Yet, Pfizer, Amgen and Sanofi believe blockchain can help.
"This is about execution and operations models," said Munther Baara, senior director of development business technology at Pfizer. "It's all about collaboration."
All about data
On that front, the pharmaceutical industry faces the same problem as does the rest of the U.S. healthcare system, the fact that most data is stored in proprietary data silos with limited interoperability and transferability.
"The issue that we all struggle with in pharma is ... the fact that data is fragmented. If you see five different physicians, you end up with data stored in five different systems," said Baara.
And for pharma, the limited access to and portability of patient data means that locating and recruiting individuals who meet the eligibility criteria for a given trial is challenging.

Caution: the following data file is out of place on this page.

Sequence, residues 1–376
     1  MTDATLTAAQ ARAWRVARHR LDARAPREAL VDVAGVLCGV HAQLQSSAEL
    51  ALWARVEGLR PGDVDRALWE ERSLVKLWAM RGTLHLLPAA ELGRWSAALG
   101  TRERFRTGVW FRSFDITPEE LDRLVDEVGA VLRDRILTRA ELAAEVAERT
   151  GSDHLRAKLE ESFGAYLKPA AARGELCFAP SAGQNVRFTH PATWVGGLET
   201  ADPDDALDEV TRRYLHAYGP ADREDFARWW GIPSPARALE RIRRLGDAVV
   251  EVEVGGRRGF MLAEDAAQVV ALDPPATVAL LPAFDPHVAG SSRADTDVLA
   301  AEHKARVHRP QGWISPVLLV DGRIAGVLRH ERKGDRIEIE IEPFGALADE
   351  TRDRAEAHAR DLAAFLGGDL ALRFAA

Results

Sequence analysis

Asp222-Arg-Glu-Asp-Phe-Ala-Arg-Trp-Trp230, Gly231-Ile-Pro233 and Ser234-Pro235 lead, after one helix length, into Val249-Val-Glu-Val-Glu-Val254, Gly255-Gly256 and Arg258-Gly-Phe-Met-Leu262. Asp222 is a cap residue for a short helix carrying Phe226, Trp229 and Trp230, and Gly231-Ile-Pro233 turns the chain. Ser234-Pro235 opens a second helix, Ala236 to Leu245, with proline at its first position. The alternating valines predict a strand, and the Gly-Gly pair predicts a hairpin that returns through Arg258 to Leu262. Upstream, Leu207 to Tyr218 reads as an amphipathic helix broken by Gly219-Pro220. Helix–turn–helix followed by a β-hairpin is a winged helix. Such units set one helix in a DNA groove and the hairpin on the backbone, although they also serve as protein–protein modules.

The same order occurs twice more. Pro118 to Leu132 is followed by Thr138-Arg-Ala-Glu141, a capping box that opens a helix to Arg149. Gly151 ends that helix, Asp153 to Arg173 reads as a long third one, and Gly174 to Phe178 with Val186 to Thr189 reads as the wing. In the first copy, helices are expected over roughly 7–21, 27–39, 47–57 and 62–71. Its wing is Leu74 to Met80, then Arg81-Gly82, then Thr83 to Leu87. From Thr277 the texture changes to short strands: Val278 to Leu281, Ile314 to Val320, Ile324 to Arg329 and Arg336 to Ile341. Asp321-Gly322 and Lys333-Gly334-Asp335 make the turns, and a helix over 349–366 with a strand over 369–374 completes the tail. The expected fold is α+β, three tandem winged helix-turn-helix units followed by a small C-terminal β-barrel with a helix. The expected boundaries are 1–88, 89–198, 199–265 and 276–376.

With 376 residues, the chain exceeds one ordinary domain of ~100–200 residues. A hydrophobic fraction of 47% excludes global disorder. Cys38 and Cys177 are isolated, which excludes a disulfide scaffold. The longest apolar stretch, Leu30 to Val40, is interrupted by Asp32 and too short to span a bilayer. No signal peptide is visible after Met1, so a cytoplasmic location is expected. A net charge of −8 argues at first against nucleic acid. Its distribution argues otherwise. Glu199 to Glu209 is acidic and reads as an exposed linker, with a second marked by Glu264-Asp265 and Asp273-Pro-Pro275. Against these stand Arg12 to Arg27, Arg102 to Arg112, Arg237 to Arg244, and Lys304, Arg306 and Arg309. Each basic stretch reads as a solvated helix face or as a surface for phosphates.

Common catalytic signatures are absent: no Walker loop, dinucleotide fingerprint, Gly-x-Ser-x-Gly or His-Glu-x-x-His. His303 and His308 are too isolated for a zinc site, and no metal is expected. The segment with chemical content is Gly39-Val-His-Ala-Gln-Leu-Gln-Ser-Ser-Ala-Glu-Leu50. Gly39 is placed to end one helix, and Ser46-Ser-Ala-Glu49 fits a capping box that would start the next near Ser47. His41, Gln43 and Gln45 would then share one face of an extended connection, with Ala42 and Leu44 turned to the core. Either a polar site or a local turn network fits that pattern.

The current recruiting process involves hiring research organizations and investigators to beat the bushes, so to speak, by visiting physicians’ offices to find patients who qualify and are interested in participating in a study. The inverse is also frequently true, in that patients with diseases who want to participate in research often have difficulty being matched to an appropriate study.
To bridge these gaps, a blockchain-based system could be used that allows individuals who want to participate in trials to aggregate their health data and make it visible to recruiters, according to the pharma executives.